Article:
WASHINGTON – The Baptist preacher from Arkansas who sprinkled his speech with southern jokes while standing his ground on moral issues won the support of over half the religious and cultural conservatives who voted at a key gathering this weekend.
Republican White House hopeful and former Arkansas governor Mike Huckabee received 51.26 percent of the onsite votes in the Values Voter Summit's straw poll compared to onsite runner-up Mitt Romney's 10.40 percent, according to announcement Saturday.
Yet despite the strong onsite showing, Huckabee lost overall to former Massachusetts governor Romney by a narrow margin of 30 votes, receiving altogether 1,565 votes (online and onsite) compared to his rival's 1,595 votes.
"It has been such an uphill battle trying to get fair coverage on Mike Huckabee," said Eric Lupardus, a volunteer with Team Huckabee, after the straw poll results were revealed.
Lupardus and his father traveled from St. Louis, Mo., to join more than 2,500 "value voters" for the three-day summit in Washington and support their candidate of choice.
"[Huckabee's] speech was the best and people were just fired up," he said, describing the crowd's response as "overwhelming."
"Then to see a candidate with more money and a better oiled machine steal the vote online was just really frustrating," he added.
However, Lupardus said he also felt "vindicated" with the straw poll result because it "shot those people down" who said Huckabee didn't have what it takes to be president or to get the votes.
"I think he (Huckabee) best represents the conservative movement in America," Lupardus said when asked the reason for his support of the former Arkansas governor.
The Values Voters straw poll result was a shocker to many people at the summit given the visible outpour of support for the Baptist preacher turned presidential candidate. Of all the candidates present at the summit, Huckabee received the most standing ovations from the crowd.
Huckabee – who said he does not "come to" but rather "comes from" the values voting audience – pledged to make a constitutional amendment to the definition of marriage and when life begins and protect the freedom of speech of pastors.
"We do not have the right to move God's standard to meet the cultural norm but we need to move the cultural norm to meet God's standards," said Huckabee in reference to risky sexual behavior.
He also vowed to protect the border, reform the tax system, fight Islamic fascism, and stop energy and manufactured dependence.
"I don't want to see our food come from China, our oil come from Saudi Arabia, and our manufacturers come from Europe and Asia," said Huckabee, who Time Magazine named as one of the five best governors in America in 2005
"It is high time for us to tell Saudi Arabia that in ten years we will have as much interest in their oil as their sand; they can keep both of them," he said to a crowd of laughter and applause.
"For too long we have financed both sides of the war on terrorism; our tax dollars pay for our military to fight it and our oil dollars – every time you fill the tank – is turned into the madrasahs that teach terrorists and the money that funds them," said the former governor. "Enough is enough."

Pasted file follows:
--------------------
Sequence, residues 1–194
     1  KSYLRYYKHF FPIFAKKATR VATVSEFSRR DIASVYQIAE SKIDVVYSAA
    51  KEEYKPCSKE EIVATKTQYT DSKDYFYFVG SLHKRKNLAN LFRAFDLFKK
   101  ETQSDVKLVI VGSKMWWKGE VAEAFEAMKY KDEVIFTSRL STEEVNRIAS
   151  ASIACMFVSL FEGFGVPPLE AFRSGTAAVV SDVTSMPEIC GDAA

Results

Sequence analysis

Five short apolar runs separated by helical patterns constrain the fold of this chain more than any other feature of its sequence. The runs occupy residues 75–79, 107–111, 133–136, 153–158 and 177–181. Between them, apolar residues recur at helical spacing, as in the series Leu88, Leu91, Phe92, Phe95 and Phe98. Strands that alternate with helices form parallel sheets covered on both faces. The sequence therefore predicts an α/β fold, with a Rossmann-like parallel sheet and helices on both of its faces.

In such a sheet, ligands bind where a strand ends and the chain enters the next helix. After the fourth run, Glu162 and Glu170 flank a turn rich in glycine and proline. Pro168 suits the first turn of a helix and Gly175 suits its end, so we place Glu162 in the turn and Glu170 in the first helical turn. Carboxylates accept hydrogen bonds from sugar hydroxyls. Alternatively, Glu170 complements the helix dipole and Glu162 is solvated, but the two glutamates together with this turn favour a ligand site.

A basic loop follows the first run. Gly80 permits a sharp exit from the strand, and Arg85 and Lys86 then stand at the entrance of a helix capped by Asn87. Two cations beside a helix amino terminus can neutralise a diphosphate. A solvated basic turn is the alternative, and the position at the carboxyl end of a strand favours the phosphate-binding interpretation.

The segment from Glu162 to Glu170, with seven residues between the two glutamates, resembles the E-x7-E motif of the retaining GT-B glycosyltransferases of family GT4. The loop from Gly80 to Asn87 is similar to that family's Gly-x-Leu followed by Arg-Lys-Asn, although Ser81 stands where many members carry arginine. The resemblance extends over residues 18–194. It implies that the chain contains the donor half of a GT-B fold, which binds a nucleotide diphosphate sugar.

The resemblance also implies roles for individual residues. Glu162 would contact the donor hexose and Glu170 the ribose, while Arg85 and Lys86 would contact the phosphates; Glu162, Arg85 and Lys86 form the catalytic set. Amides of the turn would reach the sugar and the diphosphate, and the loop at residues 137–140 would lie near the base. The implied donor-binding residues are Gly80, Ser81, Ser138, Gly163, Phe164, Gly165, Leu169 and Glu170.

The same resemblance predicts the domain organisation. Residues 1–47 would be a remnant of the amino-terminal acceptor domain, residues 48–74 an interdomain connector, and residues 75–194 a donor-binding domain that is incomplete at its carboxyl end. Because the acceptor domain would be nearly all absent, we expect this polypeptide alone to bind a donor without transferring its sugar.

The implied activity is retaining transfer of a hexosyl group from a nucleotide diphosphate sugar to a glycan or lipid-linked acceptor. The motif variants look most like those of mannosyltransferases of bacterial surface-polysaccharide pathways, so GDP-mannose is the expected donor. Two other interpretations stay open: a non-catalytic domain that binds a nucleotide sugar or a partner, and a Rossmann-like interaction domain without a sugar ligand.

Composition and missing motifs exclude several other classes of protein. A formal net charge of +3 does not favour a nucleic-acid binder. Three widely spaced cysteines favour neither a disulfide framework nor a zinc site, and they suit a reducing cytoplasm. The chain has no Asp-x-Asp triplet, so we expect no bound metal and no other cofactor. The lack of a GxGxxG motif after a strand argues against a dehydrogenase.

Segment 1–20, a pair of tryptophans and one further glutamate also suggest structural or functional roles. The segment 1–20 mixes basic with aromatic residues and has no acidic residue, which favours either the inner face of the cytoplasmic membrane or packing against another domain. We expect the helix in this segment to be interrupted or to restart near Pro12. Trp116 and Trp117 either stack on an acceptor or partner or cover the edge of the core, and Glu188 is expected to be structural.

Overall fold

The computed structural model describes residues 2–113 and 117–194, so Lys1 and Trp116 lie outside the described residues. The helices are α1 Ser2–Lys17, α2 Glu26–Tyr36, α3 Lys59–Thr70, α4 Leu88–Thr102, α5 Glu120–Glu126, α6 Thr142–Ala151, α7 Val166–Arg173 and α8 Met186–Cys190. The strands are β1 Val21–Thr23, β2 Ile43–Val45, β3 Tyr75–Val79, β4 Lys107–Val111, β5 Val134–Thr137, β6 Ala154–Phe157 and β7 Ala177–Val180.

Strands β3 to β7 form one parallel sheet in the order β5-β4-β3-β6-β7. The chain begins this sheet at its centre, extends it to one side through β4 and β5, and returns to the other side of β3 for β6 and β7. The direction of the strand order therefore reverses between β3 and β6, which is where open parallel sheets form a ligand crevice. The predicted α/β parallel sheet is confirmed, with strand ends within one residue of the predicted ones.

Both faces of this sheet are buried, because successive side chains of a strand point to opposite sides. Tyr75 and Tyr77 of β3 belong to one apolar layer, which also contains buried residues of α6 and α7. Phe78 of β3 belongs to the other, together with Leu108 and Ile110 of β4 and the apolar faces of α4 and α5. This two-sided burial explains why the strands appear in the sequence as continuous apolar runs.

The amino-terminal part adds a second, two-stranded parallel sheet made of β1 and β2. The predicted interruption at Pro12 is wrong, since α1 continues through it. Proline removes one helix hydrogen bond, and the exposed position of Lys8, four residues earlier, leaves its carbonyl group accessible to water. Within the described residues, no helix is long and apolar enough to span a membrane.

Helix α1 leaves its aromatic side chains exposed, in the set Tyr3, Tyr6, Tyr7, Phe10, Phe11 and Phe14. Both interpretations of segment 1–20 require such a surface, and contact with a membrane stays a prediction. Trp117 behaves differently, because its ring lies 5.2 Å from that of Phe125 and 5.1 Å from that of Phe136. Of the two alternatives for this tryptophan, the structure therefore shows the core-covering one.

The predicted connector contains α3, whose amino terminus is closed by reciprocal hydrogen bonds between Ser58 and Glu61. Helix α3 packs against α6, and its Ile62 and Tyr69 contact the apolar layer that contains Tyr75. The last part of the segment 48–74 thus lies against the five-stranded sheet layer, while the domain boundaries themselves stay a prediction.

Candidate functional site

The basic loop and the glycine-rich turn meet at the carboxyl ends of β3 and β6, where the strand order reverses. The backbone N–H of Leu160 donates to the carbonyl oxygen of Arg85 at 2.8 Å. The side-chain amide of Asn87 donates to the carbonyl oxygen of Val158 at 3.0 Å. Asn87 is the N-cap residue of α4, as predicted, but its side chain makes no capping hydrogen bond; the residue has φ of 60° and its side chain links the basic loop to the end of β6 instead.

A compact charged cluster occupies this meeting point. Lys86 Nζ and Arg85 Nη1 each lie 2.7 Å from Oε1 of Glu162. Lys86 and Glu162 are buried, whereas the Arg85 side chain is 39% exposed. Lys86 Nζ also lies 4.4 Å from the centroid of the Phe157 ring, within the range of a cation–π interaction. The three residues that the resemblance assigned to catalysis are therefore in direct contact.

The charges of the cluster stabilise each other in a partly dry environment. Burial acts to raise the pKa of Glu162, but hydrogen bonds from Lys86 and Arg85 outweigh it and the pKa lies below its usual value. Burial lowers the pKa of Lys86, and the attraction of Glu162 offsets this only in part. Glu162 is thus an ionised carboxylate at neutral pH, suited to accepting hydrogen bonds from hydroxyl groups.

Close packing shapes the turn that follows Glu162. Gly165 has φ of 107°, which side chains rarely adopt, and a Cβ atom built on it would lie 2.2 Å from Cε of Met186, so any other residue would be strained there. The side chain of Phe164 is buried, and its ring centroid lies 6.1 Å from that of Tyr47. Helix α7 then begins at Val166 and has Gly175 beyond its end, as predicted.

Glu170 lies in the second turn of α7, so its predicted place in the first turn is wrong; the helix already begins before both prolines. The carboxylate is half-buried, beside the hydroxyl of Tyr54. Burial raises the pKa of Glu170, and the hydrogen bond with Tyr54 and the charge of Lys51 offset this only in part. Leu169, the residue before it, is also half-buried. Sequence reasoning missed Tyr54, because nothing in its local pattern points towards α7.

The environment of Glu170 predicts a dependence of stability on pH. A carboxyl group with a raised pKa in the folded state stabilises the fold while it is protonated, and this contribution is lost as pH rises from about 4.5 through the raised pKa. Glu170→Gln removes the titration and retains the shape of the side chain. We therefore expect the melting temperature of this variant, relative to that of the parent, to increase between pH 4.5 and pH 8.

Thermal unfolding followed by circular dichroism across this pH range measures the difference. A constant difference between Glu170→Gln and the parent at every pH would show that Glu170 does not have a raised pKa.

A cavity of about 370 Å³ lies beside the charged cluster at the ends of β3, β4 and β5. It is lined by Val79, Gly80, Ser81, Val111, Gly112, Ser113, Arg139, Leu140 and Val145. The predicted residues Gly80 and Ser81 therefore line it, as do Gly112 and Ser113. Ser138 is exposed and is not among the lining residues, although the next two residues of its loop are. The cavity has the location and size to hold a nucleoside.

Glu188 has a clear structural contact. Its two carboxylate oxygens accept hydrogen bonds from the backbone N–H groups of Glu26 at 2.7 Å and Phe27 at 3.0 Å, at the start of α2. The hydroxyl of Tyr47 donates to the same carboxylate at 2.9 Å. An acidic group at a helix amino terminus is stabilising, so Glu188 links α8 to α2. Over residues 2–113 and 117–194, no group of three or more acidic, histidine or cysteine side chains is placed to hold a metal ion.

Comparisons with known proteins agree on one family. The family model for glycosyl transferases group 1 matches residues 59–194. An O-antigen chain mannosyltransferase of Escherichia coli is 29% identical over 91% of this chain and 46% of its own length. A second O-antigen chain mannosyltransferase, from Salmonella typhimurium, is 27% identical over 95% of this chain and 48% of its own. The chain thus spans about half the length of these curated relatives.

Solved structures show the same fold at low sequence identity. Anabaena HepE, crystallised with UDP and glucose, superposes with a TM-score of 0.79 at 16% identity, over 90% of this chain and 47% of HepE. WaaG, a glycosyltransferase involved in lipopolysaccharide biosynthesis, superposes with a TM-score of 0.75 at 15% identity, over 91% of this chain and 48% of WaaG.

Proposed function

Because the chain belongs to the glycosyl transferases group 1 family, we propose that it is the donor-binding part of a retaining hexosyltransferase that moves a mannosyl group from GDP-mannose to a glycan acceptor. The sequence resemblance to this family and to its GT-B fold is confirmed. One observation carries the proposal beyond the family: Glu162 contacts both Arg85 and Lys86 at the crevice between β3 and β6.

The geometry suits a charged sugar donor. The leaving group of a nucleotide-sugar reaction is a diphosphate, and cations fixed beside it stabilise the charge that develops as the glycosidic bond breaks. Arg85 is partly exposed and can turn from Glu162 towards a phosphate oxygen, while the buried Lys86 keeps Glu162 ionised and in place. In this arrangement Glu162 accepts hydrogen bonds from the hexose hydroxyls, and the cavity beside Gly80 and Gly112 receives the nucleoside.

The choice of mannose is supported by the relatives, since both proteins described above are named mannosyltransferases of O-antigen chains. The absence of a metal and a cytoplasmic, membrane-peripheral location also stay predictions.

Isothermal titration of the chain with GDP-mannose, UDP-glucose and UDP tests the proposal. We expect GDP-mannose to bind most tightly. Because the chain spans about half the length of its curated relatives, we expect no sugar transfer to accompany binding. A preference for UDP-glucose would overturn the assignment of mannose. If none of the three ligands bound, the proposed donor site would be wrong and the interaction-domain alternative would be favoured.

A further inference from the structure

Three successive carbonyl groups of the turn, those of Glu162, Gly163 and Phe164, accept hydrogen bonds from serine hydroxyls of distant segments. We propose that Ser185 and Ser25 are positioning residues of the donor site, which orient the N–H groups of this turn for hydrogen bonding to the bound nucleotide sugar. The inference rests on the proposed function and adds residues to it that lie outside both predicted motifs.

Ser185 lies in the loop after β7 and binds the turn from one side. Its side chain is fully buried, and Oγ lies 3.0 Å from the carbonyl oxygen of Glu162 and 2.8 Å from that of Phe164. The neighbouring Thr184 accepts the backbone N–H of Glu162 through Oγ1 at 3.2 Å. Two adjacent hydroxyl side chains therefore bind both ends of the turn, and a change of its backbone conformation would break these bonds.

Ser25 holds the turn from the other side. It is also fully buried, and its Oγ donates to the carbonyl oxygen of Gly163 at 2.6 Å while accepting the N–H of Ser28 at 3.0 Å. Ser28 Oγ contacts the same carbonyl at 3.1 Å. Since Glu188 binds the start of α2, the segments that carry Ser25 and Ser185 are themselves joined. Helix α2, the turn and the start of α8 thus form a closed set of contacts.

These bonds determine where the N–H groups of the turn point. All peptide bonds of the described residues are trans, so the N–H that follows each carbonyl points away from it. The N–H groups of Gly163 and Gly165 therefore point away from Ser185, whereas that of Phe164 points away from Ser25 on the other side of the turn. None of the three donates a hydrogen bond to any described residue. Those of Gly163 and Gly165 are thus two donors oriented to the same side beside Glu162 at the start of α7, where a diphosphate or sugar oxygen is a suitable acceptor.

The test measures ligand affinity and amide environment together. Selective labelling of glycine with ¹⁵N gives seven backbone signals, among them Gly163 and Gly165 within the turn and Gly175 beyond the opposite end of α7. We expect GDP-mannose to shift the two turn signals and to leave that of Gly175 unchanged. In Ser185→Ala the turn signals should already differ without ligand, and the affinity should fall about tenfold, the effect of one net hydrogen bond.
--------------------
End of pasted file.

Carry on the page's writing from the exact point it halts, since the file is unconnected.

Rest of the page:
The second-tier Republican candidate used a series of Bible references during his speech to the delight of the overwhelming white evangelical crowd. He also firmly reminded voters to not compromise their values to accommodate a candidate they think is more electable.
"Some things are not negotiable – the sanctity of life, the definition of marriage, the purpose of our freedom and the opportunity to worship as we please," he said. "Let us never sacrifice our principles for anybody's politics not now, not ever."
In August, Huckabee also came in second to Romney in the Iowa straw poll. His strong showing surprised many people who at the time never even heard of his name. Huckabee had responded positively to his second place win by noting his campaign had few resources to spend on the straw poll (less than $100,000) compared to the millions spent by Romney – a successful entrepreneur who is said to have tens of millions at his disposal to spend on his campaign.
"Romney won the Ames, Iowa, straw poll in August by spending a lot of money," CNN senior political analyst Bill Schneider said, according to CNN. "We don't know how much of an organizational effort was behind this victory."
Schneider said Romney's true acceptance among conservative Christians will not be clear until the Iowa Republican caucuses in January and the South Carolina Republican Primary. The political analyst also noted Romney's Mormon faith might cause some Christian conservatives to not support him.
The Values Voters straw poll was the highlight of the Family Research Council's annual Values Voters Summit in Washington. More than 2,500 people attended the summit which featured all the Republican presidential candidates. Democratic candidates were also invited but all declined the invitation.
Texas Rep. Ron Paul finished in third place with 15 percent of the vote, and former Tennessee Sen. Fred Thompson finished at a disappointing fourth place with 10 percent despite his initial warm welcome from the audience.
In total, 5,775 votes were cast onsite and online. The least acceptable presidential candidate to values voters is New York Sen. Hillary Clinton (71 percent), followed by former New York City Mayor Rudy Giuliani (9 percent).